A week ago I sat in the manager’s office of the Dagmar Cinema in Copenhagen. I was giving the last performance notes before the premiere of a show for the CPH:PIX film festival. There were three actors in the meeting: Charlotte Munck of ‘Anna Pihl’ fame, Bo Madvig from the dance world, and the 76-year-old veteran actor Baard Owe. What made the meeting poignant was not the actors, the notes or the premiere, but the fact that 47 years previously Owe had sat in that very same office to audition for the brilliant Danish film director Carl Theodor Dreyer.
I love Dreyer’s work. Artistically his films are hypnotic, visually stunning and steeped in a dense psychological expression. His visual style is unmatched, as is his creation of politically profound female characters. On a more personal level, watching his films allowed me to understand better what this ‘creature’ Denmark is.
Dreyer was born in Copenhagen, the illegitimate son of a Swedish housekeeper. Adopted by a family named Dreyer, he grew up in Denmark, and worked as a journalist, scriptwriter and film director for Nordisk Film. By 1930 he was considered the greatest living Danish film director. His best loved films are ‘The Passion of Joan of Arc’ (1928), ‘Vampire’ (1932), ‘Day of Wrath’ (1948), ‘The Word’ (1955) and ‘Gertrude’ (1968). In Toronto in 2010, Dreyer’s ‘Joan of Arc’ was ranked the most influential film of all time.
There are few film directors where each frame can be taken out of the context of the film and still work visually as an image in its own right. Russia’s Andrei Tarkovsky and Japan’s Akira Kurosawa have come close, but it is only with Dreyer where it is a definite. The intensity of his preparation, and his commitment to achieving a visual parallel to the film’s narrative, create each second as full and complete with all extraneous details cut away.
While watching ‘The Passion of Joan of Arc’ it is easy to forget it was made in 1928. The angles, beautiful compositions and realistic acting style make it closer in family to the films of the late 1950s or 60s. It put Dreyer on the international map, and was a seminal work for the film industry in general. Lars von Trier references Dreyer as an essential influence on his own work. This 1928 epic pushed the boundaries of film, art and politics.
The manner in which he portrays the female leads within his films represents a significant commitment to women. The female leads are strong, firm and resolute in the face of torture, male dominance or societal mistreatment. His mother died from ingesting the sulphur from the tips of matches in an attempt to achieve an abortion – a common method in the late 19th century. Dreyer pushes us to understand the lot of the woman: their pain and injustice, and in turn all injustice. It is no surprise to me that this commitment to a female point of view is Scandinavian in origin.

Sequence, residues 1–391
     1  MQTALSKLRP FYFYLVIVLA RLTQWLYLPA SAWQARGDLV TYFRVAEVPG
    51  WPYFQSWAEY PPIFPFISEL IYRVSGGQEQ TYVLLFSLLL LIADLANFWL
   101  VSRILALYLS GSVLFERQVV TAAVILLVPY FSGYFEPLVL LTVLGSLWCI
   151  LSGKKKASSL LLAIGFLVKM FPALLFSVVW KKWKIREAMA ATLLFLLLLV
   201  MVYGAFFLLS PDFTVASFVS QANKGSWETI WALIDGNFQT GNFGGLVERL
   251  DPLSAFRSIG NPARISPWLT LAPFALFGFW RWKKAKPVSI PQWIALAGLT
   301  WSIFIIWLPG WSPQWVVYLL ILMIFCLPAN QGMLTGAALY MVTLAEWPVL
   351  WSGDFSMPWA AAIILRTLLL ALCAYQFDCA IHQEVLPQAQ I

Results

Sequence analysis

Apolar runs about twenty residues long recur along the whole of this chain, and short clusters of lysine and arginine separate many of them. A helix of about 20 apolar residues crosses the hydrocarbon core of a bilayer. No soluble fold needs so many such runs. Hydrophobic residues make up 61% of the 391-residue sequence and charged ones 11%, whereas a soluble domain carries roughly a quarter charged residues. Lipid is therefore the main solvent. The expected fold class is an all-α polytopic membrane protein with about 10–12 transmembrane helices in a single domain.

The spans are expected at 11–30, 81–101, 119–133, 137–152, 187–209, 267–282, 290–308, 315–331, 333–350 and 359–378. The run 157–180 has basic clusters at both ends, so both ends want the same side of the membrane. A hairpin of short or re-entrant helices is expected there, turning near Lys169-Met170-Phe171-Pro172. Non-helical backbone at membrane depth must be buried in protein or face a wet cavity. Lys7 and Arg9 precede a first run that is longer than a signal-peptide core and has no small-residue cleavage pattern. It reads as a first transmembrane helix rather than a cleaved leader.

Dreyer was once asked by the Danish documentarist Jørgen Roos if he could be the subject of a documentary. He replied at first humbly, but shifted within a sentence to a quiet passion: “But why make a film about me – I am not of interest, but my films are.” This statement made an impact on me. Despite the quiet comfort of the Danish feel-good ‘hygge’ phenomenon, there lies within a determination that begins to make sense of the fact that this country of a little over five million people has a huge impact on the world as a whole. Strongly present in film, art and design and international politics: the Danes.
Dreyer was known as being quiet, hard working and unstoppable. In discovering Dreyer, I also discovered the same quality in a lot of my Danish friends. I had long before understood that Denmark was tribal in nature (see the anthropologist Dennis Nørmark and historian KJV Jespersen), but Dreyer made me understand why there are so many Danes and Scandinavians in the UN. Surely we have all experienced the Scandinavians’ immovable patience and sometimes insufferable love for meetings.
Dreyer is a lesson in artistic perseverance, and perseverance in general. He never stopped working on his art despite great setbacks. His huge success with ‘Joan of Arc’ was followed quickly by the equally huge failure of his next film ‘Vampire’. The film was not critically well received, and the production process was so difficult that Dreyer had a nervous breakdown. Ironically he recovered in France in a mental institution called the ‘Clinic of Joan of Arc’.
If you want to discover Dreyer, I recommend starting with ‘The Passion of Joan of Arc’, followed by ‘Day of Wrath’. If you are still on board after this – welcome to my world.
Illustration courtest of Cæcilie Parfelt Vengberg / www.vindfang.blogspot.com.